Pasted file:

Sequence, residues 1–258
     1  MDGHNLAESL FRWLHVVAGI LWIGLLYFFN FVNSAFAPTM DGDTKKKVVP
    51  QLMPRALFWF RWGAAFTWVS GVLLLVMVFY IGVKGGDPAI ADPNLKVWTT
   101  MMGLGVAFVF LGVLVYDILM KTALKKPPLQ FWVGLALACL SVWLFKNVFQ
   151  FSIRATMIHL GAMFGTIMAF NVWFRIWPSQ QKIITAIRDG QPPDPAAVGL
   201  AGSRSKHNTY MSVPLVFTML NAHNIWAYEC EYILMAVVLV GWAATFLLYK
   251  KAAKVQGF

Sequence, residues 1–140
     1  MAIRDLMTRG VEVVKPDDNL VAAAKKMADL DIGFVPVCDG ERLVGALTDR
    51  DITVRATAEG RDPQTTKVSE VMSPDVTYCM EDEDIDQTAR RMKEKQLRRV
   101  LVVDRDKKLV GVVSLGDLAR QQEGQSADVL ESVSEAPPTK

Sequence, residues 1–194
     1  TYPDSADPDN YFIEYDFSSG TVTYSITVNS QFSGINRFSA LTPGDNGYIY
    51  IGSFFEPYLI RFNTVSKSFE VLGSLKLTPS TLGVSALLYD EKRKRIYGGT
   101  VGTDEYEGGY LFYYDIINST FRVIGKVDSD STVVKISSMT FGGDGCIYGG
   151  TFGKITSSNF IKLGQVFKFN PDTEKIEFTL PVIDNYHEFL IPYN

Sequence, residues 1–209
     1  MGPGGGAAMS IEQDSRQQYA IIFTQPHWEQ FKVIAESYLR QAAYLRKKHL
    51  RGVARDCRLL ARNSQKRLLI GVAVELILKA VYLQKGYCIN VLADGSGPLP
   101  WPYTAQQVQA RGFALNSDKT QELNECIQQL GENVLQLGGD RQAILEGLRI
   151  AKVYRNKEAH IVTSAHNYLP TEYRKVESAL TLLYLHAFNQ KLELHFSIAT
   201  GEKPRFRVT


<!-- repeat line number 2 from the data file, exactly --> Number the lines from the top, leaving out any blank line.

     1  MDGHNLAESL FRWLHVVAGI LWIGLLYFFN FVNSAFAPTM DGDTKKKVVP